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A conductor of fiction

Even when being untrue to his undoubted genius, he nurtured young poets. Swapan Chakravorty writes.

india Updated: Oct 23, 2012 21:29 IST

I knew Sunil Gangopadhyay as a writer of prose before I came across his poetry. As a growing boy, I would wait for the installments every Sunday in Anandabazar Patrika under the pseudonym Neellohit.

These were freewheeling pieces in which a poor, pubescent boy contemplated a complex world of beauty, art, sex and political violence with a vulnerable candour that formed the key theme of a later group of poets. The prose ran like clear water, every ripple disturbing a sequence of rich shadows on the surface. It looked easy, but no one before or since has matched its appeal.

I loved his column in the literary magazine Desh written under the pseudonym Sanatan Pathak. It was that column that introduced me to the poetry of Binay Majumdar.

I was in high school when I read Gangopadhyay's poems. The first book I read was Ami Kirakambhabe Bneche Aachhi (The Way I Live Now). The impact has never left me. Last month I asked him if the fact that the title poem came bang in the middle of the book was pre-meditated. He looked unsure. In fact, many of the poems from the collection look unbidden, emerging from a secret pool of desires, desperately seeking beauty's redemption.

The last poem Bhrupallabe Dak Dile (When Summoned By the Leaves of Your Eyebrows) spoke of such redemption following a hurtful wait, and has come to be counted among the greatest lyrics from the period.

I read all his poetic collections since then. I did not give up even when I was disappointed with his longer poetry and poetic drama, and with the runny mix of the ethical and the erotic in his poetic figment Nira - an inversion of Nari, woman. The magic of sound and the ease of access were at times achieved at the cost of diluting the issues, such as those centred on sex.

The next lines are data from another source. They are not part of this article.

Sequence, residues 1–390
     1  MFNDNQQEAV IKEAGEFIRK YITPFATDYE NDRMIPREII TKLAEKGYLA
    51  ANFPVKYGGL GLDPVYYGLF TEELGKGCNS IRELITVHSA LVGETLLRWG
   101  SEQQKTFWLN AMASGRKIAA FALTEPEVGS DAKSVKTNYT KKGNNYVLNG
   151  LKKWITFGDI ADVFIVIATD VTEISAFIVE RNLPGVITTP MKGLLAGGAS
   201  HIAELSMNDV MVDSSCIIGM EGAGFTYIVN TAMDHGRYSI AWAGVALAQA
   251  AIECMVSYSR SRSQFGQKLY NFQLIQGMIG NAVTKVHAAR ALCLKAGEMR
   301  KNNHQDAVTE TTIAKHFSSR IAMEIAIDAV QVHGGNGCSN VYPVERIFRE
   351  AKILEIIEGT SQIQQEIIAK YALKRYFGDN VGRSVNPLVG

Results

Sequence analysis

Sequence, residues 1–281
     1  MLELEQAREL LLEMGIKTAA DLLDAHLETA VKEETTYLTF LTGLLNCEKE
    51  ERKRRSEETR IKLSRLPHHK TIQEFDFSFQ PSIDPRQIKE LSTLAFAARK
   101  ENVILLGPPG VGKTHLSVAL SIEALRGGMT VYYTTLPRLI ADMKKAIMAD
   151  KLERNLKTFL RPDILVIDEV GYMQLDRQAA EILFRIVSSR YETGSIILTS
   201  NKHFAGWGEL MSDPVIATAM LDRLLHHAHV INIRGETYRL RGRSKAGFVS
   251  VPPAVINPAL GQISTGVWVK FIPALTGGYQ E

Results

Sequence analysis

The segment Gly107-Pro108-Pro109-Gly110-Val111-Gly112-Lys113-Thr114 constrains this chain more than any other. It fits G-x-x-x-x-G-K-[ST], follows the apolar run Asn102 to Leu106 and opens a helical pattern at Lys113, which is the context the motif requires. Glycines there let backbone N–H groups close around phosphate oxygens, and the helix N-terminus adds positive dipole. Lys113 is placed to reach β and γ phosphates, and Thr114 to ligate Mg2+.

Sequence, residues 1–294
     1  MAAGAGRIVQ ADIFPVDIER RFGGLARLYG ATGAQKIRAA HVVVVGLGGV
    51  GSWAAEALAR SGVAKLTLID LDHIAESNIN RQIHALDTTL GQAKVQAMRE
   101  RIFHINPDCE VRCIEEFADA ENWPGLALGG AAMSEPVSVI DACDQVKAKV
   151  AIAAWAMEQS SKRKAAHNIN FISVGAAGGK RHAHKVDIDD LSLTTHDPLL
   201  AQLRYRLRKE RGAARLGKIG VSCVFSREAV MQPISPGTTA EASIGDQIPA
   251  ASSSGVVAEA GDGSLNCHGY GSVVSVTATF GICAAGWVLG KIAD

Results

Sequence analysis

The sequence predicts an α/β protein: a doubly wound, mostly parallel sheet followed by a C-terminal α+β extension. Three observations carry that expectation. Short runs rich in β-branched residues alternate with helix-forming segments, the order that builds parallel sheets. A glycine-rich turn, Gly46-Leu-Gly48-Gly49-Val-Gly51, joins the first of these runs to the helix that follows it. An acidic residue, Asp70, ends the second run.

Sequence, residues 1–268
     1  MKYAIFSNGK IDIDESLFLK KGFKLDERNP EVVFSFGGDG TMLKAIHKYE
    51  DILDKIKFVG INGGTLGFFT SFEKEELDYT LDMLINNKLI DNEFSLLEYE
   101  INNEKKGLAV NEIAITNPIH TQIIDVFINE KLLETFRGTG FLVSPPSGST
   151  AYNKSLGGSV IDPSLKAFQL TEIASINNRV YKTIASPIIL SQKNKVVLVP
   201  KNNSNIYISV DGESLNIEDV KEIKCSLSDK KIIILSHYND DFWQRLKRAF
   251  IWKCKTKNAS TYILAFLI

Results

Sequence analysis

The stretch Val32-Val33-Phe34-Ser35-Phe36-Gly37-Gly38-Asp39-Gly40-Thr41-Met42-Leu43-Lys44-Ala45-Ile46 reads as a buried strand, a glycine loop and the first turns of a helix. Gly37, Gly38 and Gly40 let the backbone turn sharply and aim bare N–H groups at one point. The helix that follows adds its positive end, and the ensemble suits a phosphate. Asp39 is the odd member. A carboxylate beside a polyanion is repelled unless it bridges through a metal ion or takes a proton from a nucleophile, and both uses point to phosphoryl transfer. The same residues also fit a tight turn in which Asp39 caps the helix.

Death had become a leitmotif in his verse early in his career, as had the fugitive promise of beauty and pleasure. But the toxic pangs of lust and helplessness had disappeared, and the poet of vulnerability was sounding invulnerably wise without delving too deep for wisdom.

At the same time, Gangopadhyay was writing an enormous lot of prose. Some of the short stories are among the most readable in the language. While many stories reproduce the blighted life of the beautiful from the Neellohit phase, a story such as Garam Bhat O Nichhak Bhuter Goppo (Hot Rice And Just Some Ghost Stories) shows a writer with a harder social edge. I loved the stories for children, although the later ones assume the occasional moral tone - a trait Sunil Gangopadhyay is hardly ever guilty of.

Perhaps Gangopadhyay's popularity rests on his fiction. Many of the novels were casual productions, written to pay off social or financial debts. He needed to plunder sources from the East and West recklessly, from ancient Indian writers to the legend of Tristan and Iseult. The best known ones are those that trace the rise of new Bengal in the 19th century, especially Pratham Alo (First Light).

But Gangopadhyay was best at fiction that was like chamber orchestra, with a small ensemble cast, a feature perfectly seized upon by Satyajit Ray in Aranyer Dinratri (Days And Nights In The Forest). He was good with confessional fiction: from Atmaprakash (Self-Revelation) onward this was where he was least unsure.

Gangopadhyay was not a 'natural' fiction writer. He could hardly fashion a character that was not a 'Sunil' stereotype. His inward gaze could have made him a writer like, say, Henry James, but he was unable to allow himself the rigour.

His critics resented his repetitions, his literary coterie, his politics, his clout with private media houses and with government agencies. Yet, this was the same man who nurtured Kritttibas, the small journal to which he owed his poetic fame, and who could bargain with powerful patrons to get young poets recognised and employed. Even when being untrue to his undoubted genius, he was unwilling to let anybody down.

Swapan Chakravorty is Director General, National Library, and Professor of English, Jadavpur University

The views expressed by the author are personal